Back in the summer, when I was mapping out my curriculum for my library media center classes this school year, I really wanted STEAM to be the foundation of everything we do. For those of you not in the know with this trending educational acronym, STEAM stands for Science, Technology, Engineering, Art, and Math (and was formerly known as STEM). The first big project that I did with my fourth, fifth, and sixth graders was Designing Your Own Dream Playground. Students had to first sketch out a blueprint for their designs and placement of their playgrounds. Then, they needed to build a small model of their designs using recyclable materials (see left photo above). The entire process was fun and I was rather impressed with the finished products. The sky was the limit in terms of their imaginations, and many of my students pushed themselves to create amazing playgrounds.
I also implemented Free Time Activities this year. Because most of my curriculum relies heavily on project-based learning, my students work at their own pace. And, as anyone who’s ever worked with children knows, kids work at various speeds and abilities. I wanted my students to be productive from the minute they walk into the library media center, to the minute they walk out. So, Free Time Activities seemed like the perfect solution! I created a chart in the corner of my room that colorfully displayed the various tasks that a student could choose from once they’ve completed their required assignments and/or work for that day. These activities range from blogging and reading to building with Legos and K’nex. Additionally, I implemented a makerspace area to help make many of these tasks available. It is simply a shelving unit filled with any item that could possibly help create, such as yarn, pipe cleaners, tape, markers, and paper tubes. Certain Free Time Activities are also supported by “challenge cards.” For example, the Lego station and K’nex kit come with baskets filled with cards with a number of challenges written on them; and the makerspace area has a basket of STEAM challenges. The students have really enjoyed having the right to choose and navigate how they want to explore and learn (see right photos above).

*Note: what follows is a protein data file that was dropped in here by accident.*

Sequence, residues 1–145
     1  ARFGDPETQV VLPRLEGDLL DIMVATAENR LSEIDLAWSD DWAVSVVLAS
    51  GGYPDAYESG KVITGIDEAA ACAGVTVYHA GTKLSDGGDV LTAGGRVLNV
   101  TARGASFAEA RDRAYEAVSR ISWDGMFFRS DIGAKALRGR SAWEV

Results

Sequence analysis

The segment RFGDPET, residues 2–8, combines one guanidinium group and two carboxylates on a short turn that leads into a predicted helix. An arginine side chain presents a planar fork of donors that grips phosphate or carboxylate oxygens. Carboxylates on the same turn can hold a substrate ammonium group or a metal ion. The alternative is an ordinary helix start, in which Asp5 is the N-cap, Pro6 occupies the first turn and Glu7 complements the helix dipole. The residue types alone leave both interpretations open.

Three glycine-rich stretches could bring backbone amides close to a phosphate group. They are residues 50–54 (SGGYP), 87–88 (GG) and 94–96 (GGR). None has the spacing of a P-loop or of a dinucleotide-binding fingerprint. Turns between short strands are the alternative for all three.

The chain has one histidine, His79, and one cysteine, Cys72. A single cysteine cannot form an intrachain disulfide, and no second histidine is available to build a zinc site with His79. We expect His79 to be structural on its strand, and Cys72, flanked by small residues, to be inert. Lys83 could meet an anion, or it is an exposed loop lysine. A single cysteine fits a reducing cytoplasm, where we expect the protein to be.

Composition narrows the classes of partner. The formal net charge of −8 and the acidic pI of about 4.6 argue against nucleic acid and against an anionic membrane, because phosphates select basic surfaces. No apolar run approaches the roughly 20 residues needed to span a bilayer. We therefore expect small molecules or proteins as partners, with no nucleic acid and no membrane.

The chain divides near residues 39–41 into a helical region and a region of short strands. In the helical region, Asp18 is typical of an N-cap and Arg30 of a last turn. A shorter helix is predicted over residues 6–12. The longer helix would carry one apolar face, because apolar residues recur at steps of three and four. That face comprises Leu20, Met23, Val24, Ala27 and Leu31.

So far I’ve loved the changes I’ve implemented this year, and I can’t wait to see how it evolves with time. I recommend giving it a try in your own classrooms and seeing how you can make room for activities like these. Take that risk! I’m sure you’ll be amazed with the wonderful results!